The URL to download the second stage payload is hxxps://10-9mopub.oss-ap-southeast-6.aliyuncs[.]com/Theme%20Call%20Screen/Rich-debug-22.apk 

The SHA256 value of the second payload is 9f75255db5acecee498f8468ac3e5277fdc7db952494c348fe6f4e23ba7b7b8d 

The second stage payload is also an APK file. It contains the code to collect OTPs using the notification listener service, as shown in figure 10. 

Figure 10: Code to steal OTPs 

The malware also filters out notifications from genuine apps to specifically collect OTP notifications. The same can be observed in the Figure 10. 

In addition, the malware uses this payload to download a Java Archive (JAR) file as the third payload and loads as an extension to the main APK file using DCL API. The code used to download the third stage payload is given below. 

Figure 11: Code to download third stage payload 

Third-stage Payload 

The third stage payload URL is hxxp://wo0.oss-accelerate[.]aliyuncs.com/adal.jar 

The hash of the third stage payload is dd80828efc70d1f89d2fadd70c4707247450723697313b582b5c6d2244f0624c 

The TAs hide the billing fraud code inside the third stage payload. The malware variant we analyzed primarily targets users from Thailand. The code used to perform billing frauds for users from Thailand is shown below. 

Figure 12: Code to perform billing fraud 

Other recent variants of the Joker malware 

Cyble research Labs also encounters another sample from the Joker family which hides its behavior inside an encrypted .so file which is in turn stored in the assets folder. The malicious app decrypts and loads the .so file during execution.  

Hash of the APK: d3a4c6a0f9a12ecdded34f026371e5ba9c9d1319bbd77e55b3d51663c6d6ec3d 

By utilizing the loaded .so file, the malware downloads its payload from the TA’s C&C URL. 

C&C URL used to download the payload: hxxps://q60uwsyk0p.s3.ca-central-1.amazonaws[.]com/jjx3jqalwk 

With the help of the downloaded payload, the malware performs similar billing fraud as discussed above. 

Conclusion 

Authors of malware are constantly introducing new techniques to evade detection, such as using multi-staging payloads for infection.  

Joker is a sophisticated malware that has infected multiple victims. This makes it imperative for users to be attentive to notifications that appear while using the application, as they frequently indicate something unexpected or undesirable. So be cautious when using the application on your device. 

Our Recommendations 

We have listed some of the essential cybersecurity best practices that create the first line of control against attackers. We recommend that our readers follow the best practices given below:     

  1. If you find this malware in your device, uninstall using ADB uninstall or perform a factory reset. 
  1. Download and install software only from official app stores like Google Play Store & Apple App Store 
  1. Ensure that Google Play Protect is enabled on Android devices. 
  1. Be careful while enabling any permissions.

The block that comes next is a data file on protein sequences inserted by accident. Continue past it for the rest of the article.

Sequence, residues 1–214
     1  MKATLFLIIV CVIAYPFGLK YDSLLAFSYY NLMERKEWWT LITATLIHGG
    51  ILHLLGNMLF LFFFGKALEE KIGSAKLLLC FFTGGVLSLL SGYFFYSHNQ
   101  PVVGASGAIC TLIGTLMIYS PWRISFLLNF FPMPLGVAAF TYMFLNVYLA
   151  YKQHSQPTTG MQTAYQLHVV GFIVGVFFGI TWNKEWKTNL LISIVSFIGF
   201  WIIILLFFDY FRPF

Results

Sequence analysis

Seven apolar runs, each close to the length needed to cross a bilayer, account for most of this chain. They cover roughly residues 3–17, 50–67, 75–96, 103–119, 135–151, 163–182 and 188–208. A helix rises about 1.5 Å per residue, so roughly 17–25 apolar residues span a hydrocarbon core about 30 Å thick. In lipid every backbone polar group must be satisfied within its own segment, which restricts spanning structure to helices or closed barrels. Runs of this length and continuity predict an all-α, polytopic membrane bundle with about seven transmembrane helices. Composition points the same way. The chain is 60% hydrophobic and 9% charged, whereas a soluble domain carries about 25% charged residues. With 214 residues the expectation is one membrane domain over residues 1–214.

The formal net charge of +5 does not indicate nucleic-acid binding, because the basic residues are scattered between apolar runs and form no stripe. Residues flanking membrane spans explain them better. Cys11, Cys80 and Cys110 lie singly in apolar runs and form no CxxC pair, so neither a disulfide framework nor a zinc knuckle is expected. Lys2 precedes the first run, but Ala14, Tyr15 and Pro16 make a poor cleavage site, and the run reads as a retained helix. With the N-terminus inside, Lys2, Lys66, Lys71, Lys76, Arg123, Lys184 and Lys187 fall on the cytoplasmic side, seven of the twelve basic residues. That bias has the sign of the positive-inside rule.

1. If you find this malicious application on your device, uninstall, or delete it immediately.  
  1. Use the shared IoCs to monitor and block the malware infection.  
  1. Keep your anti-virus software updated to detect and remove malicious software.  
  1. Keep your devices, operating systems, and applications updated to the latest versions.  
  1. Use strong passwords and enable two-factor authentication. 

MITRE ATT&CK® Techniques 

Tactic  Technique ID  Technique Name 
Defense Evasion T1406 Obfuscated Files or Information 
Defense Evasion T1523 Evade Analysis Environment 
Credential Access T1412 Capture SMS Messages 
Credential Access T1409 Access Stored Application Data 
Discovery T1421  System Network Connections Discovery 
Discovery T1016 System Network Configuration Discovery 
Discovery T1424 Process Discovery 
Collection T1507 Network Information Discovery 
Collection T1412 Capture SMS Messages 
Command and Control T1571 Non-Standard Port 
Command and Control T1573 Encrypted Channel 
Command and Control T1219 Remote Access Software 
Impact T1447 Delete Device Data 

Indicators of Compromise (IOCs)   

Indicators Indicator type Description 
06f92aa517a7de880671056fb782e0bdb92a1cc2442fc144e9890162865f00e8 SHA256 Hash of the APK sample 
5bf57842a1dd3c1bd1bd19d7b6b7ed4480682b975bf2acc1193ed0436ad45452 SHA256 Hash of the first payload 
9f75255db5acecee498f8468ac3e5277fdc7db952494c348fe6f4e23ba7b7b8d SHA256 Hash of the second payload 
dd80828efc70d1f89d2fadd70c4707247450723697313b582b5c6d2244f0624c SHA256 Hash of the third payload 
hxxps://10-9mopub.oss-ap-southeast-6.aliyuncs[.]com/Theme%20Call%20Screen/app_KSMJAKND22 URL URL to download the first payload
hxxps://10-9mopub.oss-ap-southeast-6.aliyuncs[.]com/Theme%20Call%20Screen/Rich-debug-22.apk URL URL to download the second payload 
hxxp://wo0.oss-accelerate[.]aliyuncs.com/adal.jar URL URL to download third payload 
d3a4c6a0f9a12ecdded34f026371e5ba9c9d1319bbd77e55b3d51663c6d6ec3d SHA256 Hash of another sample (APK2) 
hxxps://q60uwsyk0p.s3.ca-central-1.amazonaws[.]com/jjx3jqalwk URL URL to download the payload for APK2 

About Us 

Cyble is a global threat intelligence SaaS provider that helps enterprises protect themselves from cybercrimes and exposure in the Darkweb. Its prime focus is to provide organizations with real-time visibility to their digital risk footprint. Backed by Y Combinator as part of the 2021 winter cohort, Cyble has also been recognized by Forbes as one of the top 20 Best Cybersecurity Start-ups to Watch In 2020. Headquartered in Alpharetta, Georgia, and with offices in Australia, Singapore, and India, Cyble has a global presence. To learn more about Cyble, visit https://cyble.com